- Second and subsequent offenses – You will be jailed for not less than 90 days and fined not less than $3,000 and your license will be revoked for 12 months. You will also be required to undergo alcohol screening/education/treatment and to equip any vehicle you operate with a certified ignition interlock device, and be ordered to perform community service.
This category of DUI applies to a person with an alcohol concentration of 0.15 or higher.
- First offense – You will be jailed for not less than 30 consecutive days with no eligibility for probation or suspended sentence and fined not less than $2,500. You will also be required to undergo alcohol screening/education/treatment and be ordered to perform community service and to equip any vehicle you operate with a certified ignition interlock device.
- Second and subsequent offenses – You will be jailed for not less than 120 days, fined not less than $3,250 and your license will be revoked for 12 months. You will also be required to undergo alcohol screening/education/treatment and to equip any vehicle you operate with a certified ignition interlock device, and be ordered to perform community service.
This category of DUI applies to a person who commits a DUI while suspended, revoked or canceled; commits a third DUI in 84 months; commits a DUI while a person under 15 is in the vehicle; or commits a DUI or refuses to submit a blood alcohol content test while under an ignition interlock device requirement.
You will be sent to prison for not more than 2 years and, in addition to any other penalty required by law, your license will be revoked for 3 years. You will also be required to undergo alcohol screening/education/treatment and to equip any vehicle you operate with a certified ignition interlock device, and be ordered to perform community service.
Certified Ignition Interlock Device
A certified ignition interlock device is a breath alcohol testing instrument connected to the ignition and power system of the vehicle. The driver blows into the device before attempting to turn the ignition. If the driver’s alcohol level is above a certain level, the vehicle will not start. While the vehicle is operating, the driver must blow into the device at random intervals.
Here is a listing of the authorized Certified Ignition Interlock Installers.
Additional information is provided on the Ignition Interlock page.
You may be cited for aggressive driving if you commit a series of acts during a single, continuous period of driving that presents an immediate hazard to another person or vehicle, exceed the posted speed limit and commit two of the following violations.
- Failure to obey traffic control signs or signals
- Passing another vehicle on the right side
- Unsafe lane change
- Following too close
- Failure to yield to emergency vehicles
The penalties for Aggressive Driving are:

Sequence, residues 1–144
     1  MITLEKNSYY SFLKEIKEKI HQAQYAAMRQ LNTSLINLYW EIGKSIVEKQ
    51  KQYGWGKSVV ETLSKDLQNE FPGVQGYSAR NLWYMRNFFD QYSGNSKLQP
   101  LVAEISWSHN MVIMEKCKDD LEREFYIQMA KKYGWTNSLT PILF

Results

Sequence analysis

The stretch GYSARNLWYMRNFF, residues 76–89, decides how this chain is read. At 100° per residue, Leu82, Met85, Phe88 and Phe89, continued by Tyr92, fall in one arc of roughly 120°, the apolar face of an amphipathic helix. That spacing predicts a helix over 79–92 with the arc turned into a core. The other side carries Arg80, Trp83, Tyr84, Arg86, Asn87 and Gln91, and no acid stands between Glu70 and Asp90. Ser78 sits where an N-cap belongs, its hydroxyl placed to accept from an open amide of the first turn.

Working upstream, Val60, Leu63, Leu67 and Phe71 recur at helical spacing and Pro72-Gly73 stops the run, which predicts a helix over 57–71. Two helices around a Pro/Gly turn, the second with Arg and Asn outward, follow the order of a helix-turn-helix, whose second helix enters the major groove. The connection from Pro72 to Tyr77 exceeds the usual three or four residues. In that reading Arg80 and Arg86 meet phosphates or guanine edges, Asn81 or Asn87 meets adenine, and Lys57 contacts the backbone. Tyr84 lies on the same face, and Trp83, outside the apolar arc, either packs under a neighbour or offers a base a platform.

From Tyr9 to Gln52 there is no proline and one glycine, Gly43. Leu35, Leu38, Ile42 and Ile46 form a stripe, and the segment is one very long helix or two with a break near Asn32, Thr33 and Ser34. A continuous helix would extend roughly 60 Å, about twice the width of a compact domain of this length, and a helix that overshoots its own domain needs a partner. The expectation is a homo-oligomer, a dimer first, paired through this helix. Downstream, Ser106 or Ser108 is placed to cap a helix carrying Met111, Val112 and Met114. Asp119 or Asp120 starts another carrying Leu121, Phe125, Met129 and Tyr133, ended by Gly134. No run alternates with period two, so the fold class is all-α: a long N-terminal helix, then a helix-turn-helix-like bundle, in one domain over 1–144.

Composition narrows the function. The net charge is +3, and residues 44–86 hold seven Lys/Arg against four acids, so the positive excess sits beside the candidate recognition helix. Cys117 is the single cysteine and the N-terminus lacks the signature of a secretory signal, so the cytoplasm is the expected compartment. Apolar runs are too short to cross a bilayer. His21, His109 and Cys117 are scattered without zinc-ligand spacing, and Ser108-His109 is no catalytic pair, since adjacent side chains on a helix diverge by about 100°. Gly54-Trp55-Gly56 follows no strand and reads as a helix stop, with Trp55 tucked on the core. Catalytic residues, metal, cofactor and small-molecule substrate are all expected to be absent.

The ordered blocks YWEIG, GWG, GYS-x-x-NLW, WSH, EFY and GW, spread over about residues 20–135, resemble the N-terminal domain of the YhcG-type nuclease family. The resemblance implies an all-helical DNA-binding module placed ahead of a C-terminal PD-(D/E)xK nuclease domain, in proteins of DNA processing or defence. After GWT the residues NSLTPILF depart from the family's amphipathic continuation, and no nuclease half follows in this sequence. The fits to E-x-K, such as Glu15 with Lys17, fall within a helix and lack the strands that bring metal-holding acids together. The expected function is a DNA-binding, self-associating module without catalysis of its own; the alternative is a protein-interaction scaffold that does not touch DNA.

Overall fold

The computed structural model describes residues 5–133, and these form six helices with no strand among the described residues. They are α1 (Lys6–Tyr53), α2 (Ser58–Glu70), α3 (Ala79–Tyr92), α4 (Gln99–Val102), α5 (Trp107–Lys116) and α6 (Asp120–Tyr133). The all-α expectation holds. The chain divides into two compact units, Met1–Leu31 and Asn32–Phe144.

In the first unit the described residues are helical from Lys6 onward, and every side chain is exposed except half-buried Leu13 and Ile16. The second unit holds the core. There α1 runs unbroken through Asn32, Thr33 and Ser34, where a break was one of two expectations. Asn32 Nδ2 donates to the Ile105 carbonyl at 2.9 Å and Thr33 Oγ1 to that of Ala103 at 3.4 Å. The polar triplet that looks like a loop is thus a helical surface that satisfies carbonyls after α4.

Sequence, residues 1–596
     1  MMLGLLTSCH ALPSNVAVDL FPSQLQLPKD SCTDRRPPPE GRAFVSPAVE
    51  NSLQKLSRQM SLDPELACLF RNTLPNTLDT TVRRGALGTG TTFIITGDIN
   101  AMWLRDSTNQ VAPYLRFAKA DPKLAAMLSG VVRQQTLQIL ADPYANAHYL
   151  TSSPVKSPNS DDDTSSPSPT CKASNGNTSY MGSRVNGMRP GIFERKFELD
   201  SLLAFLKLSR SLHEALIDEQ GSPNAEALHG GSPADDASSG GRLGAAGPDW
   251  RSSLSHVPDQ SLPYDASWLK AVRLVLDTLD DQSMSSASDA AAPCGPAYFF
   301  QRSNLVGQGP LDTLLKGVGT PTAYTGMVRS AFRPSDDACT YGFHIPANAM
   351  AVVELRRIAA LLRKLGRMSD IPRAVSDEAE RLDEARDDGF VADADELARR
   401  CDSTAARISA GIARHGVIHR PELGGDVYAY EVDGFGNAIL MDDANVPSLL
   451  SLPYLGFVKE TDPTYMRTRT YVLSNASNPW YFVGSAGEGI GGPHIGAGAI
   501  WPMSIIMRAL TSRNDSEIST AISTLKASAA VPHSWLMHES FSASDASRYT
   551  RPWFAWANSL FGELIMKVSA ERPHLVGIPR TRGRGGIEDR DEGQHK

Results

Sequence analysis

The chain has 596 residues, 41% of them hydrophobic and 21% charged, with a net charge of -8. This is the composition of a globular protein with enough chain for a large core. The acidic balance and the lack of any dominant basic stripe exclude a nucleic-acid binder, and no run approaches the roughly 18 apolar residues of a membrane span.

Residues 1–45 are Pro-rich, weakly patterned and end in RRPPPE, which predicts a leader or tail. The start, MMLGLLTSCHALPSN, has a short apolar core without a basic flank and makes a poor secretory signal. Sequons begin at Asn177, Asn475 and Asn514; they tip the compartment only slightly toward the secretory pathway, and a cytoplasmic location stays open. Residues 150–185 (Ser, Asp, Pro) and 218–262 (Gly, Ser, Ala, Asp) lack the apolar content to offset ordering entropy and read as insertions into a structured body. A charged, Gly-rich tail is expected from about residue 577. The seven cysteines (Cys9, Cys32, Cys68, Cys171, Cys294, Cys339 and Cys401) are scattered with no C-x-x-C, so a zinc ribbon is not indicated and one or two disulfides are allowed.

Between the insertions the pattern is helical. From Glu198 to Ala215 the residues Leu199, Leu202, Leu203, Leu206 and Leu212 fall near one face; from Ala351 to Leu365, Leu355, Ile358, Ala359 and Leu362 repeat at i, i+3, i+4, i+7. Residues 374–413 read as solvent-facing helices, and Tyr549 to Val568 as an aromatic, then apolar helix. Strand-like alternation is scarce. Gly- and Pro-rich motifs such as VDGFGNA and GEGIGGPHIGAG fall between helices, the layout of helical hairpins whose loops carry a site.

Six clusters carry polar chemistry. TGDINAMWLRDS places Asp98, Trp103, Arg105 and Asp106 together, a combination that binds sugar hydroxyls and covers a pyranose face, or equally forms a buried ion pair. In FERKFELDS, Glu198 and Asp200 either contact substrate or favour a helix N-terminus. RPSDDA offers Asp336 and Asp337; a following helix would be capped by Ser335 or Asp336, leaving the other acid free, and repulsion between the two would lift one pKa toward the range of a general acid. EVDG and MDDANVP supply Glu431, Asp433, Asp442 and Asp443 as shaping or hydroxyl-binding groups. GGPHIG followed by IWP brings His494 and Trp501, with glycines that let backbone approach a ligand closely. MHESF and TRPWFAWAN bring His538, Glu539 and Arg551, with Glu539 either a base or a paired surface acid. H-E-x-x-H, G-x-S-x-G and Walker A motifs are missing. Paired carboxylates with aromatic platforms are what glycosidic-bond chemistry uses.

- First offense – You will be required to attend a Traffic Survival School course and your license may be suspended for 30 days.
- Second and subsequent offenses – If you commit a second offense within 24 months, you are guilty of a Class 1 misdemeanor and your license will be revoked for 12 months.
If you run a red light and cause an accident that results in life-threatening injuries to another driver or passenger, you may be fined up to $500 and your driving privilege may be suspended for 3 months. Additionally, you may be ordered to perform community service.
If you cause an accident that results in the death to another driver or passenger you may be fined of up to $1,000 and your driving privilege may be suspended for 6 months. Additionally, you may be ordered to perform community service.
Anytime you run a red light (or flashing red light) you must attend traffic survival school. If you fail to attend, your driving privilege will be suspended until the class is completed.
Failure To Stop At Accident
If you are a driver involved in an accident where there is damage to a vehicle, injury or death, you are required by law to stop your vehicle at the scene of the accident, or as close as possible and immediately return to the scene. You must remain at the scene to:
- Provide aid to any injured person, including making arrangements for medical treatment
- Provide your name, address and license plate number
- If requested, show your driver license to any person involved.
Conviction for failure to comply will result in your driving privilege being:
- Revoked for 10 years (not including the time you are incarcerated), if involving death
- Revoked for 5 years (not including the time you are incarcerated), if involving serious physical injury
- Revoked for 3 years if involving injury other than death or serious physical injury
- Suspended for 1 year if involving only damage to a vehicle.